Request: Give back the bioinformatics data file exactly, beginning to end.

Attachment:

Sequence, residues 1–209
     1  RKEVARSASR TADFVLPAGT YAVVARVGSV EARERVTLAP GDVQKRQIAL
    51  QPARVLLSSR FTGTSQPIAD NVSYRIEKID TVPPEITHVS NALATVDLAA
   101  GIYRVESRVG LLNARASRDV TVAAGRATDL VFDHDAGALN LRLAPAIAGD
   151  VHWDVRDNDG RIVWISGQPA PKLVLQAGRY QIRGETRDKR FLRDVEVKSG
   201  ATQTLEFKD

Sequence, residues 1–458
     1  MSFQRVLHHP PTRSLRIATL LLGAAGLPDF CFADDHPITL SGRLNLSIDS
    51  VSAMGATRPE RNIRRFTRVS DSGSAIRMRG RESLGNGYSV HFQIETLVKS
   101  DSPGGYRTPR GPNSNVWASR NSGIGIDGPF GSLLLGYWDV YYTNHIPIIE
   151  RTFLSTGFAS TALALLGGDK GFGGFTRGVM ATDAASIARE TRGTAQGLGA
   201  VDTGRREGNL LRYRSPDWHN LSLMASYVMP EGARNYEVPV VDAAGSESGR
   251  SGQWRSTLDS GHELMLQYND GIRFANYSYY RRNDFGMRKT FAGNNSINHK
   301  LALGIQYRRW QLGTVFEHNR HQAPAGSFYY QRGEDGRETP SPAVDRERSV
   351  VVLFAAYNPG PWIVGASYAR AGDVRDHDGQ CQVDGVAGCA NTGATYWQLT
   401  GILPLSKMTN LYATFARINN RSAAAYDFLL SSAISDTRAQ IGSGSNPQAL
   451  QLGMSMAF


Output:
Sequence, residues 1–209
     1  RKEVARSASR TADFVLPAGT YAVVARVGSV EARERVTLAP GDVQKRQIAL
    51  QPARVLLSSR FTGTSQPIAD NVSYRIEKID TVPPEITHVS NALATVDLAA
   101  GIYRVESRVG LLNARASRDV TVAAGRATDL VFDHDAGALN LRLAPAIAGD
   151  VHWDVRDNDG RIVWISGQPA PKLVLQAGRY QIRGETRDKR FLRDVEVKSG
   201  ATQTLEFKD

Sequence, residues 1–458
     1  MSFQRVLHHP PTRSLRIATL LLGAAGLPDF CFADDHPITL SGRLNLSIDS
    51  VSAMGATRPE RNIRRFTRVS DSGSAIRMRG RESLGNGYSV HFQIETLVKS
   101  DSPGGYRTPR GPNSNVWASR NSGIGIDGPF GSLLLGYWDV YYTNHIPIIE
   151  RTFLSTGFAS TALALLGGDK GFGGFTRGVM ATDAASIARE TRGTAQGLGA
   201  VDTGRREGNL LRYRSPDWHN LSLMASYVMP EGARNYEVPV VDAAGSESGR
   251  SGQWRSTLDS GHELMLQYND GIRFANYSYY RRNDFGMRKT FAGNNSINHK
   301  LALGIQYRRW QLGTVFEHNR HQAPAGSFYY QRGEDGRETP SPAVDRERSV
   351  VVLFAAYNPG PWIVGASYAR AGDVRDHDGQ CQVDGVAGCA NTGATYWQLT
   401  GILPLSKMTN LYATFARINN RSAAAYDFLL SSAISDTRAQ IGSGSNPQAL
   451  QLGMSMAF